Catholic Church misinforms Parliamentary inquiry

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St Patrick's Cathedral, Melbourne, Australia. Photo: Donaldytong

On Wednesday 19th November 2015, the Catholic Church appeared before the Victorian Parliament's Legal and Social Issues Committee. Monsignor Anthony Ireland, the Episcopal Vicar for Health, Aged and Disability Care, and Father Anthony Kerin, Episcopal Vicar for Life, Marriage and Family gave evidence about end-of-life decision making. They made a factually wrong allegation about Oregon during their testimony.

Anthony Ireland spoke first, making it clear that they were appearing before the Committee with delegated authority from the Catholic Archbishop of Melbourne (Denis Hart) and with the endorsement of the Victorian Catholic Bishops. He emphasised that "the Catholic Archdiocese of Melbourne does not come to this Committee with fanciful or frivolous arguments."

During question time. Committee Chair Edward O'Donohue asked the Vicars if they had any evidence from lawful jurisdictions to back up their claim that legalising assisted dying would result in a significant reduction in medical research. The Vicars flailed about with vague hypotheticals, but no evidence.

Committee Deputy Chair Nina Springle remarked that some of their testimony was inconsistent with direct evidence from lawful jurisdictions and invited them to reflect on the contradictions. To this, Anthony Kerin stated:

"We know, for example, since Oregon legislated, that the standard suicide rate has increased remarkably and alarmingly. It's not yet the largest rate in the US, but it's getting there, when Oregon had a very, very low suicide rate prior to that."

Let's not mince words: the allegation is comprehensively false. In fact it's three false statements all wrapped up into one.

The USA government's CDC mortaility database provides solid empirical data. Here's Oregon's longitudinal suicide rate statistics, including sixteen years before its Death With Dignity Act (DWDA), and sixteen years after.

Oregon suicide rate

Here are the pertinent facts about Oregon's general suicide rate:

  1. The average for the 16 years after the DWDA is lower than, but not statistically different from, the 16 years prior to the Act.
  2. There was a massive drop in the suicide rate two years after the DWDA came into effect, and the rate has risen only from there.
  3. The rise from 2000 onwards is repeated in the majority of USA states and in the national average. The trend increase in Oregon is not statistically different from the national trend increase.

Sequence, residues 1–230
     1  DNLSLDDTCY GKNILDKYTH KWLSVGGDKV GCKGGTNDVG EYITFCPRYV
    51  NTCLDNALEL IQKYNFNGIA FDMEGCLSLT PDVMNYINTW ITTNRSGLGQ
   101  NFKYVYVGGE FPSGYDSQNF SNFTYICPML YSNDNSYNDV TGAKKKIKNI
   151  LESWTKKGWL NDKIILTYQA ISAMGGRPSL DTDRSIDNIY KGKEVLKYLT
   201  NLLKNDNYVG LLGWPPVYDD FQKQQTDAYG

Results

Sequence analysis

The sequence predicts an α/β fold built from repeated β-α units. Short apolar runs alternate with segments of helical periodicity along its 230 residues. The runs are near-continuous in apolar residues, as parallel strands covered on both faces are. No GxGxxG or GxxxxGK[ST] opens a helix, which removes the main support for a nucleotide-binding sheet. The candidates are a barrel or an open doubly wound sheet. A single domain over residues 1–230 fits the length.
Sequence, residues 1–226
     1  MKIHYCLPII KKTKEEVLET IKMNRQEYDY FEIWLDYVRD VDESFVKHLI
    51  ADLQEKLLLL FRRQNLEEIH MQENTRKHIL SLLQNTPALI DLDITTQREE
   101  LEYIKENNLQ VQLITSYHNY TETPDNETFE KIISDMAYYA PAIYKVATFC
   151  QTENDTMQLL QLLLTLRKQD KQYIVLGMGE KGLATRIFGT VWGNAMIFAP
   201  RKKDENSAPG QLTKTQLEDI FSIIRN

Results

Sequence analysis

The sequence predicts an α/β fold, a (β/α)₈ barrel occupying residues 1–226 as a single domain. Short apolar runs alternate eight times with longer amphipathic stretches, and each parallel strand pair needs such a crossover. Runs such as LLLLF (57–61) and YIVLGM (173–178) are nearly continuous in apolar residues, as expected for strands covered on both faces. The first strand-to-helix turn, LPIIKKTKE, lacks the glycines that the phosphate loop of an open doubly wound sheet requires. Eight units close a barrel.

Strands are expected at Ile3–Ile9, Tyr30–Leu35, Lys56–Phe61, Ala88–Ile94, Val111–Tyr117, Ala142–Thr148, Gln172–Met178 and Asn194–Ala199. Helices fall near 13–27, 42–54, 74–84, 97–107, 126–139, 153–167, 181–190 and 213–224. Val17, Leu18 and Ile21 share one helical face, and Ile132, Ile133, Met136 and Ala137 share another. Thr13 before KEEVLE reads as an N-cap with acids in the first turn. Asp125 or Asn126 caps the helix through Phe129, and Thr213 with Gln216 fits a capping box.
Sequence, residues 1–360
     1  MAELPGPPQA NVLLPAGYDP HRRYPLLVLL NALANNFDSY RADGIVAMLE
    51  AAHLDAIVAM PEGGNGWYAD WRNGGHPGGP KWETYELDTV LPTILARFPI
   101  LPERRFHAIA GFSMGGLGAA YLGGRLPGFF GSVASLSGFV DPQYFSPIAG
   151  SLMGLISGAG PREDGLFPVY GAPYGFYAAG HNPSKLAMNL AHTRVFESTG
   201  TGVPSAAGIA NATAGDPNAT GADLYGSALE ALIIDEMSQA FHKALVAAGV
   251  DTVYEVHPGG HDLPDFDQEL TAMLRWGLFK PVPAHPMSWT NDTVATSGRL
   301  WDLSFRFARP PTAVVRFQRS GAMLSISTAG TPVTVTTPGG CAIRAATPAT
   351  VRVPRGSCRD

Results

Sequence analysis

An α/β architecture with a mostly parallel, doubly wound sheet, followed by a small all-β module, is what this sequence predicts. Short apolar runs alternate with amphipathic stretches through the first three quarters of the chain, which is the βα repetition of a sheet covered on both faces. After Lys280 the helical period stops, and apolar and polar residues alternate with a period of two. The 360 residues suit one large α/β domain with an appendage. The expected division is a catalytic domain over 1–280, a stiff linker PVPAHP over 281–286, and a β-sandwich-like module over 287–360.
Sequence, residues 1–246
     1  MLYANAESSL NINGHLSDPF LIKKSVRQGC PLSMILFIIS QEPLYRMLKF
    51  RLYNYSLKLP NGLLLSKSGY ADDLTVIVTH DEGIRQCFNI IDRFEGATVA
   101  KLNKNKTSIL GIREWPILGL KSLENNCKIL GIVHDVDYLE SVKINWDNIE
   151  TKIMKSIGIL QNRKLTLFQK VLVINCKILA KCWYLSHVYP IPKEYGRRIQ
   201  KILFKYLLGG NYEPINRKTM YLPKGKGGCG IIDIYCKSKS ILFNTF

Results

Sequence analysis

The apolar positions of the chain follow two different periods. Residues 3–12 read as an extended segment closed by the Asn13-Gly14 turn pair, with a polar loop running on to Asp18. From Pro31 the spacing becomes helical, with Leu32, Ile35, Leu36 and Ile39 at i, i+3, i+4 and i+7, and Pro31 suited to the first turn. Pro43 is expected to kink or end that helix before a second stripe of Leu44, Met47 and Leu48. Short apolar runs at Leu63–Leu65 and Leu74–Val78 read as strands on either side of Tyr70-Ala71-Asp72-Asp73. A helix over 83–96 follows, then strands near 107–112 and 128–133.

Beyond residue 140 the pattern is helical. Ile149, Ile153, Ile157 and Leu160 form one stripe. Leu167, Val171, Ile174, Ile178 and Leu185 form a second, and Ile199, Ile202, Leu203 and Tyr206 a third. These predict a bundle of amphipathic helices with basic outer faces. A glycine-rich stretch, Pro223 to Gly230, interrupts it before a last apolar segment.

By way of comparison, here's Vermont's suicide rate for the same period.

vermontsuiciderate.jpg

Now, Vermont didn't have an assisted dying law until 2013, and no assisted deaths occurred under the law in that year, so the suicide rate cannot have been affected by an assisted dying law. Yet the picture is similar to Oregon's.

Here's the USA national suicide rate for the same period, with the unemployment rate added.

USA suicide and unemployment rates

There are numerous and complex reasons for suicide and for changes in the rate, but a key one in this USA case is unemployment, which after falling in the 1990s rose abruptly from 2000 onwards.

Has Oregon's suicide rate been worsening relative to other USA states, though? The state annual suicide rankings are informative.

Oregon suicide ranking among all USA states (number 1 is worst)

Prior to the DWDA, the trend in Oregon's suicide ranking among all USA states was deteriorating (where ranking number one is the highest suicide rate). Since the Act came into effect, the trend is improving. The difference in trends is statistically significant. In the sixteen years since the Act came into effect, Oregon has appeared in the "top ten" six times, compared with twelve times in the 16 years prior to the Act.

So, let's examine the three elements of the Catholic Church's statement:

1. "Since Oregon legislated, the standard suicide rate has increased remarkably and alarmingly"

This statement is false by omission. It is critically relevant to mention that Oregon's suicide rate dropped massively two years after the DWDA came into effect. Only after 2000 did it begin to rise—like most states and nationally—and in response to a rising unemployment rate.

2. "Oregon had a very, very low suicide rate prior to that [the DWDA]"

This statement is completely false. Oregon's mean rate suicide for 16 years after the act is not significantly different from the mean for 16 years prior to the Act. Indeed, government data back to 1968 shows Oregon's general suicide rate has always been high and never "low", let alone "very, very low".

3. It's not yet the largest rate in the US, but it's getting there"

This statement is completely false. Oregon's suicide ranking amongst USA states was worsening prior to the DWDA, but has been improving since.

It's very disappointing indeed that the Catholic Archdiocese of Melbourne would offer such profoundly false testimony to a legislative committee making inquiries on behalf of the people of Victoria. The offense is all the more grevious because of the unequivocal manner in which the statement was made, and that the witnesses specifically stated they did not bring any fanciful or frivolous arguments to the Committee.

It's time to comprehensively stamp out false information about assisted dying, no matter how fervently it might be believed by its proponents. Watch this space: there's plenty more to come!


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